From all the talk about how difficult Max Graf is as a parent, I have found it quite amenable. Each year on the five plants I have covering a small area of fence there are several hips resulting in ~30 or so seeds most years. I raise them for fun. I actually have two very nice tetraploids with probably nearby John Davis (flower and leaf features have similarities) as the pollen parent and another diploid that appears to be a cross of a nearby polyantha. The two tetraploids are amazingly fertile. I hope to use them more in breeding in the years ahead. I have a baggie full of op seed germinating from one of them.

That is interesting about Marie Bugnet having a Grootendorst as a male parent. There is one at the MN Landscape arb and some in landscape plantings around town. I really admire the nice compact growth habit of this rose, dark foliage, and relatively large bright white blooms. It might be fun to cross this rose with polyanthas and start some congruity backcrossing if it has enough fertility. Julie Overom wrote a really nice article on congruity backcrossing for the RHA newsletter years ago.



About F.J. Grootendorst it is Paulii x Mme Norbert Levasseur in HMF when Rugosa Rubra x polyantha in MR 10…

If done on a large enough scale, congruity breeding may work fine to recover fertility.

An easier strategy is backcrossing to other fertile hybrid mothers of each initial parent.

I did it and got instantly full fertility…Fertility was also much higher than expected with mixed ploidies semi congruity sib crosses. Also quite amazing is diversity of generation 2 when more than two species/lines are involved.

I hadn


I just wanted to add that it is really is pretty exciting news about your tetraploid Max Graf seedlings! The more I think about it the more I think about the possibilities. That must mean that Max Graf creates 2n eggs ocassionally. One could use just about any tetraploid pollen on it and create something entirely different than the Kordesii hybrids that are hardy and healthy.


Hi Paul,

I think you got a cutting of the diploid one. The tetraploids are more blackspot resistant. There is one, 3K20 that is particularly an easy parent. It has a slow growth rate, but is pretty nice, hardy, and fertile as both a male and female giving some repeat blooming offspring.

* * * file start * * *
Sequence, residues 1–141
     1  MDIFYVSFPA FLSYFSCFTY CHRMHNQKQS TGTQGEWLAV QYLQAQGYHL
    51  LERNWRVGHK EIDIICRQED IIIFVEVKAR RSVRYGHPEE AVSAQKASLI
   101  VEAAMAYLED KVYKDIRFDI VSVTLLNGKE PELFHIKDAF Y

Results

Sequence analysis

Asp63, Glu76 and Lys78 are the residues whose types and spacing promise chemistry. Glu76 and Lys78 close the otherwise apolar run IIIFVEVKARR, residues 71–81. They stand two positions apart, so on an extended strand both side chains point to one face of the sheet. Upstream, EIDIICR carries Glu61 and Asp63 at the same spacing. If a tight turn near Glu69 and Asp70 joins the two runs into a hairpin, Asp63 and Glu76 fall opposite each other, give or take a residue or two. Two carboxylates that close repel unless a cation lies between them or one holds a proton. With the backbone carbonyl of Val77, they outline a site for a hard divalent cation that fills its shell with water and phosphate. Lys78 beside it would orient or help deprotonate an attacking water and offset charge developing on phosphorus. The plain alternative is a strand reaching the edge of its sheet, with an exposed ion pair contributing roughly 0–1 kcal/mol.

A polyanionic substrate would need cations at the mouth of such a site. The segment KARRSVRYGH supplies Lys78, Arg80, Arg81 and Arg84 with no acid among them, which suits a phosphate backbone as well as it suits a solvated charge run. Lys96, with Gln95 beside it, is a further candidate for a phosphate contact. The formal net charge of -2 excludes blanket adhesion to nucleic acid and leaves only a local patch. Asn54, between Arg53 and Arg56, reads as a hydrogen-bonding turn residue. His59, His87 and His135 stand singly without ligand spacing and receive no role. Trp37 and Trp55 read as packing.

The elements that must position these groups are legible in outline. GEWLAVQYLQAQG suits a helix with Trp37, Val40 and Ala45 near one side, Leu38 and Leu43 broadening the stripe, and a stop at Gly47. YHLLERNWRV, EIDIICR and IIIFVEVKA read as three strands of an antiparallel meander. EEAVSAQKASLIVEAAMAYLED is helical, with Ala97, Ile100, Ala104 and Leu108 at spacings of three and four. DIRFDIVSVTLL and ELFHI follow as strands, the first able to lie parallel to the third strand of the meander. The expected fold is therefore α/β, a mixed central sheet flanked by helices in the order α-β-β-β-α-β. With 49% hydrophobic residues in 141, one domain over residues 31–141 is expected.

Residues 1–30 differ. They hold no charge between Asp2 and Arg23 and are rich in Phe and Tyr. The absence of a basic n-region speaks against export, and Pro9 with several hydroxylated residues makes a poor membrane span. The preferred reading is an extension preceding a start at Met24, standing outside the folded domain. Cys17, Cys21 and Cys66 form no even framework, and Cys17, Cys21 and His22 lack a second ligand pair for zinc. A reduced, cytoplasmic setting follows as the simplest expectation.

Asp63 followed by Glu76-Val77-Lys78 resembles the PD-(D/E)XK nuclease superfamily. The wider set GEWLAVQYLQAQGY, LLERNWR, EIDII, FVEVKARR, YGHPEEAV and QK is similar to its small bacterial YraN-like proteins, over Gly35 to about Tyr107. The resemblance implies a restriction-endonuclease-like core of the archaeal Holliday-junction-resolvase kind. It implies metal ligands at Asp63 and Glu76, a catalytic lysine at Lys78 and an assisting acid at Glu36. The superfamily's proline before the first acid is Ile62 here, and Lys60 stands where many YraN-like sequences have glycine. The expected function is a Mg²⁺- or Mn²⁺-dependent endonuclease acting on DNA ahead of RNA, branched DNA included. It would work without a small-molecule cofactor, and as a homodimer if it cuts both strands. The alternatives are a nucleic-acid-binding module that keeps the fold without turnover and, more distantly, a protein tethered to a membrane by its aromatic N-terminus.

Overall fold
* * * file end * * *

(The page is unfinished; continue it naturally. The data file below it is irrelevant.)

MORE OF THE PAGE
I love your idea Paul of crossing Max Graf with other types of modern rose pollen to get new lines. I sincerely believe R. x kordesii is not a self because the semidouble flowers of it would not be possible (barring a new mutation) without a male that has a dominant allele for the major gene governing if a rose will be double or not (of course in the presence of this allele the degree of doubleness is governed by minor genes). It might be really valuable to cross warm colored tetraploids onto it as well as modern roses resistant to cercospora leaf spot (wow, the Explorers sure get it here in established gardens where the disease pressure has built up). I haven’t seen c.l.s. on my Max Graf (but my garden does not have that much pressure for it yet) and wonder if the susceptibility is coming from the probable modern rose male of R. x kordesii.

In the past I smothered open Max Graf flowers with bulked tetraploid pollen and got more seedlings that year. If one would have more strategy than I did that would be great. Perhaps pollinating MG with the new pretty disease resistant yellow Bailey rose hybrids would be a good choice to bring in more color and hopefully retain some pretty good disease resistance in some hybrids.



Hi David,

I agree with you about R.x kordesii not being a self. Your experience with the tetraploid seedlings of Max Graf proves how easily it would have been for the same thing to have happen at the Kordes facility.


Given the lack of fertility of ‘F.J. Grootendorst’ as a staminate (and pistillate) parent, and the fact that Bugnet wasn’t always accurate listing the parentages of the roses he developed, I wouldn’t accept the parentage given for ‘Marie Bugnet’ is accurate. Still, it has something different in the parentage from most Rugosas to make it staminate but not pistillate fertile as a parent.

Since Bugnet’s last few cultivars had mostly white flowers, including ‘Marie Bugnet’, I think it’s possible he used the same pistillate parent to develop them - possibly Rosa rugosa alba. For sure that is the case with ‘Louise Bugnet’ and ‘Rita Bugnet’, which have similar flower and shrub characteristics.

Robert Erskine’s ‘Leafland Perpetual’ (‘Will Alderman’ x ‘Marie Bugnet’) was a very dwarf shrub (45 cm. tall as I recall). I used to think that was because of the Polyantha in the pedigree, but I don’t say that now because my thinking has changed regarding the parentage of ‘Marie Bugnet’.

Erskine’s last cultivar was ‘Gleam’ (‘Will Alderman’ x ‘Marie Bugnet’). It has semi-double, white flowers with a slight pink centre. While I’ve only observed relatively small plants of this cultivar, it appears the shrub will size up fairly good but will have an open growing habit.

I think ‘Marie Bugnet’ has a lot of potential to develop unique Rugosas. I’ve tried it several times with ‘Hansa’, and although I’ve obtained seeds nothing has been developed to date. I’ll keep at it. And also with other Rugosa cultivars.